So, juggling a playthough of Final Fantasy II (Japanese FF2, ya know… the bad one) on the PSP, Persona 4 Golden on my Vita, and grinding until I can’t feel anymore in Bravely Default on my 3DS, I decided to play and finish a game I was looking forward to for the better part of 2016: Star Ocean Integrity And Faithlessness, or as I’ll call it, Star Ocean 5. Star Ocean 5 is special to me, as it is the first of the Star Ocean games I have played and beat, and while my hype for Final Fantasy XV was there, the runner up of that hype went to Star Ocean 5. Why? Well, many people (mostly on YouTube) have expressed their love of the Star Ocean franchise, mostly Second Story (Star Ocean 2… obviously) and ‘Till The End Of Time (Star Ocean 3). After my initial distaste of Star Ocean The Last Hope (Star Ocean 4), I became weary of Star Ocean 5, especially after reviews came out slamming the game, therefore my hope died out on it being a good game. Alas, I have played and beaten it. What do I think now? Well..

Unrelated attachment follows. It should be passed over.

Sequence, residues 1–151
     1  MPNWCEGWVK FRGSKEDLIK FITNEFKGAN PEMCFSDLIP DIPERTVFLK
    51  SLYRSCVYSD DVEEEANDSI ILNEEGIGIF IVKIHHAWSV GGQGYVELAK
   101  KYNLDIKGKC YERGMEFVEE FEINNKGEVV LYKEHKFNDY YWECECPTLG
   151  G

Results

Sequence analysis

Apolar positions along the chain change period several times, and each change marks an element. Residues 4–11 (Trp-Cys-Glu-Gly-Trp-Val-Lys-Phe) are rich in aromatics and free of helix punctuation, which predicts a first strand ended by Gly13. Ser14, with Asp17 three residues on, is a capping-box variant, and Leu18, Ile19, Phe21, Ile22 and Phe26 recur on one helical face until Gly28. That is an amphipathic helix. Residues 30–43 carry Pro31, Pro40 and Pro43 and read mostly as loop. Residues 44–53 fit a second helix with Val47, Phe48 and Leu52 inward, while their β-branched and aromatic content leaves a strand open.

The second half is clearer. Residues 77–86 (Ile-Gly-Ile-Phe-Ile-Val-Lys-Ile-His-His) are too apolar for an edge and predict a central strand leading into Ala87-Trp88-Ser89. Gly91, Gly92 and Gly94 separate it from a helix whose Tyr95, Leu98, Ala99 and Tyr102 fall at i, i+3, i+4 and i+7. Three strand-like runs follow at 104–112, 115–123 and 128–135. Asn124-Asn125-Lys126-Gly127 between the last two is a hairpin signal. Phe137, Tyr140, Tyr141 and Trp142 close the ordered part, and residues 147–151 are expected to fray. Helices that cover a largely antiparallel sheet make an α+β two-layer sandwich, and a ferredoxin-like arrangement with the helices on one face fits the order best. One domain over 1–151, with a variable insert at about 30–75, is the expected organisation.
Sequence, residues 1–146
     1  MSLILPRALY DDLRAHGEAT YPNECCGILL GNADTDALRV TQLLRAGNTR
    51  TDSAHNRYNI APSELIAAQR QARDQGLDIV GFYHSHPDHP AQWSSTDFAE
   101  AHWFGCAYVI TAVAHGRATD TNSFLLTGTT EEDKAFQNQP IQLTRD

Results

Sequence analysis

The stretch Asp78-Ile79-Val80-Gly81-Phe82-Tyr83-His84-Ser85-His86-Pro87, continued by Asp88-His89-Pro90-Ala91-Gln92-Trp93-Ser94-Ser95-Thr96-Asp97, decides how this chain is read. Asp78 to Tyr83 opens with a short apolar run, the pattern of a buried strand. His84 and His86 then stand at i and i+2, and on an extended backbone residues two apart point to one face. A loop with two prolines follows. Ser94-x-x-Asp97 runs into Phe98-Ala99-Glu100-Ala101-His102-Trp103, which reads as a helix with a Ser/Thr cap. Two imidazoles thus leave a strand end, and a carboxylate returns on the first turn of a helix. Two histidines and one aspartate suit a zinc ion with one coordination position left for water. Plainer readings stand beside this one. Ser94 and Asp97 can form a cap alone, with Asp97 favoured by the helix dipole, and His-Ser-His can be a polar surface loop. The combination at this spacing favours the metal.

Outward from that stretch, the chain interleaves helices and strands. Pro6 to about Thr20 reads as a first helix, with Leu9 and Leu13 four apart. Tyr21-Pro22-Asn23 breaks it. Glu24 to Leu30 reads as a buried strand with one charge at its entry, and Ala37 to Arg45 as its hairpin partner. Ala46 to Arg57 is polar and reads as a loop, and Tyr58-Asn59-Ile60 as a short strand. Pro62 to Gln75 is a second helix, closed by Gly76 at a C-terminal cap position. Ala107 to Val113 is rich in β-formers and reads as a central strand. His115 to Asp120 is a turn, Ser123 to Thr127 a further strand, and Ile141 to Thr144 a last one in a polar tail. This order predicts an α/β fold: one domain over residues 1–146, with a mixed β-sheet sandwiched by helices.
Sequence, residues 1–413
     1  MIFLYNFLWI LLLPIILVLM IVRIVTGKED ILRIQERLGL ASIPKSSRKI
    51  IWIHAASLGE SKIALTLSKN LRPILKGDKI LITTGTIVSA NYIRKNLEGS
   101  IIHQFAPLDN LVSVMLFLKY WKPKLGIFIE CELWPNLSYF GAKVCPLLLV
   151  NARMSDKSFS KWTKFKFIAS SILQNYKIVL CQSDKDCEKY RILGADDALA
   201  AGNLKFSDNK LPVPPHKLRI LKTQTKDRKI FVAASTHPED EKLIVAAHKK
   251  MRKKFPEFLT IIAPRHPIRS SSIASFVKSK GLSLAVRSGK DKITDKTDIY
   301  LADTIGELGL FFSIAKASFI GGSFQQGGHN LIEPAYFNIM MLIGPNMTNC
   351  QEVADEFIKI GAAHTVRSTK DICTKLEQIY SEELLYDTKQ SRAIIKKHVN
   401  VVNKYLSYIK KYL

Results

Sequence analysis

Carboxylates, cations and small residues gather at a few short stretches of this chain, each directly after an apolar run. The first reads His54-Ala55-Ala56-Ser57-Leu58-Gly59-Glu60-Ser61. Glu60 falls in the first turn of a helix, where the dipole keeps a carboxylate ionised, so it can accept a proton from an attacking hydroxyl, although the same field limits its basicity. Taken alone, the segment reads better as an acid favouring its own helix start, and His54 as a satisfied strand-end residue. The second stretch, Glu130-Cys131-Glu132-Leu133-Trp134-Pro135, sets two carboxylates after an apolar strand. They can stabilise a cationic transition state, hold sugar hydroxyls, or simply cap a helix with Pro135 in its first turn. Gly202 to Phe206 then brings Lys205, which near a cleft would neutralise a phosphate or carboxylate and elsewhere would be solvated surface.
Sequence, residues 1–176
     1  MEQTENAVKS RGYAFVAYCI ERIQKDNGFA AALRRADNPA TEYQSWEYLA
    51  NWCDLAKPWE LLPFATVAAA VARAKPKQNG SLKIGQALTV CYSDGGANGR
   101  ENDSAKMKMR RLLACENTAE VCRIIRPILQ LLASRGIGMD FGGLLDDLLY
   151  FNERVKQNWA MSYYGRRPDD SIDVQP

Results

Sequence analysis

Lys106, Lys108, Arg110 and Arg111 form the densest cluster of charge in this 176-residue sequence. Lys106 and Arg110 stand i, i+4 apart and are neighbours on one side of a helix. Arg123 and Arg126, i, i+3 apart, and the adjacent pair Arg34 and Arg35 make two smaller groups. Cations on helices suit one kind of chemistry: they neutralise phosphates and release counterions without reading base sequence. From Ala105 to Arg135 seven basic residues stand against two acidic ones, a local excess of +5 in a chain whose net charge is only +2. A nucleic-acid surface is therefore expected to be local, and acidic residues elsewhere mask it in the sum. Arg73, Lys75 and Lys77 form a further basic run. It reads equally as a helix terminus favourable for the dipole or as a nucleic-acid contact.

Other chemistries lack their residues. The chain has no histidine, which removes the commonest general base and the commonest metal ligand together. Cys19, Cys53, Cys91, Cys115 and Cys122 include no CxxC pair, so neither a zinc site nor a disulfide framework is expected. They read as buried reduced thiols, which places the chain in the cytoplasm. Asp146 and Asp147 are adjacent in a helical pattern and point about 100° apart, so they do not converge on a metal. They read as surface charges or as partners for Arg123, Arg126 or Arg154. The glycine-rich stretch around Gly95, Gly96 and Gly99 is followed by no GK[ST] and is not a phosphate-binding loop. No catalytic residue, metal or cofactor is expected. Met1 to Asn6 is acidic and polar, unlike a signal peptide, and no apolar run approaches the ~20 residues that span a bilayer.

Let’s start off with the story. You play as a dude named Fidel Camuze, who… screw it. I honestly don’t remember anything about the story. You’re a dude who picks up other eccentrically dressed and varied characters as you spend most of your time quelling enemy attacks on towns and getting mowed down by random fights, because you didn’t spend the last hour grinding. I’m not saying that the story is bad, but incredibly forgettable, meaning that I completely forgot the setup. Okay, you are a dude named Fidel, with a friend who doesn’t want to be just friends but she has to fit into a cliche of being the girl drooling over the main bland, Miki. Admittedly, I like the cast in this game way more than the cast that I got introduced to in the first 2 hours of Star Ocean 4, who were all insufferable in their own ways. I just find that the cliche of the boy who is attracted to the girl class president who is amazing in every way, shape, and form is reversed, which makes it more Western in that sort of stereotype, which… meh. I can role with it because I actually like Fidel and Miki, despite the fact that I never got romantic vibes from them, so it almost seemed like they were brother and sister, but in the end (SPOILERS), Miki drops the subtle-not-so-subtle hit to Fidel that she wants to be his wife. Again… meh. Anyway, you also come across Victor Oakville (a soldier who you could replace with a stuffed bear with long hair a sword and nothing would change), Fiore Brunelli (the fan service character, who strangely has a lot more to do with the plot than the other characters, which makes me think, why isn’t she the protagonist?), Relia (a young girl that spends her time being 12 years old and a plot device), and Emmerson and Anne (Captain and crew mate of the Charles D. Goale, part of the Federation, and what they lack of in last names, they make up for by being the only thing that can make the plot move forward). The main problem is that your character, and most of the characters minus Emmerson, Anne and Relia, are citizens of an underdeveloped planet, meaning all the fun of a game that is essentially Japanese Star Trek, gets tossed into the decompression chamber and ejected into space to die in a way that I don’t want to ponder upon for too long. As the story progressed, we learn that our planet sucks, that a dude named General Alma watched Film Theory’s video on how Star Trek’s Federation stood for Fascism, connected the dots that he was in Japanese Star Trek and then went ham, capturing Relia’s sister Feria (because OF COURSE HER NAME IS FERIA). You kill him, everyone lives out their dreams, which sets up a story I would have rather played through than the one I actually played through. Now, don’t get me wrong, there are scenes that are pretty good, such as Fidel’s dad dying and their estranged relationship with each other, as well as the ending being a lot better than how i thought it was going to be, but the story was aggressively okay. My main problem is that you can move your character and the camera in 90% of the cutscenes, which made me not even pay attention to what was going on, because what was going on was already boring and pointless enough, so that when the camera doesn’t change to make the scenes more interesting, I lose interest really quickly.